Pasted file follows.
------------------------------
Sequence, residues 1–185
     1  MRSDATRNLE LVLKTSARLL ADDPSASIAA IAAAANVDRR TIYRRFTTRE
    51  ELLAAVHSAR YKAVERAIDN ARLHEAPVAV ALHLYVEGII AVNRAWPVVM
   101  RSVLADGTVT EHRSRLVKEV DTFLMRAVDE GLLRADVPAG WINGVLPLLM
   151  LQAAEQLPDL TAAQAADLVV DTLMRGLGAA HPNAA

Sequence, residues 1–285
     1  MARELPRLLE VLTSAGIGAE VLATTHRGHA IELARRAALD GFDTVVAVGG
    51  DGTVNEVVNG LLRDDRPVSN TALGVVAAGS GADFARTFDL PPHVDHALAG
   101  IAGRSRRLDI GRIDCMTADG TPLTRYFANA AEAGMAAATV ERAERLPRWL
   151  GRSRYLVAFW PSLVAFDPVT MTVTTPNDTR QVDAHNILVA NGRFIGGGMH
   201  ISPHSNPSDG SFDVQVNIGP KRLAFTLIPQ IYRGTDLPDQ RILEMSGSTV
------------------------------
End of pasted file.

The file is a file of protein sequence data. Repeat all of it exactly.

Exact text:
Sequence, residues 1–185
     1  MRSDATRNLE LVLKTSARLL ADDPSASIAA IAAAANVDRR TIYRRFTTRE
    51  ELLAAVHSAR YKAVERAIDN ARLHEAPVAV ALHLYVEGII AVNRAWPVVM
   101  RSVLADGTVT EHRSRLVKEV DTFLMRAVDE GLLRADVPAG WINGVLPLLM
   151  LQAAEQLPDL TAAQAADLVV DTLMRGLGAA HPNAA

Sequence, residues 1–285
     1  MARELPRLLE VLTSAGIGAE VLATTHRGHA IELARRAALD GFDTVVAVGG
    51  DGTVNEVVNG LLRDDRPVSN TALGVVAAGS GADFARTFDL PPHVDHALAG
   101  IAGRSRRLDI GRIDCMTADG TPLTRYFANA AEAGMAAATV ERAERLPRWL
   151  GRSRYLVAFW PSLVAFDPVT MTVTTPNDTR QVDAHNILVA NGRFIGGGMH
   201  ISPHSNPSDG SFDVQVNIGP KRLAFTLIPQ IYRGTDLPDQ RILEMSGSTV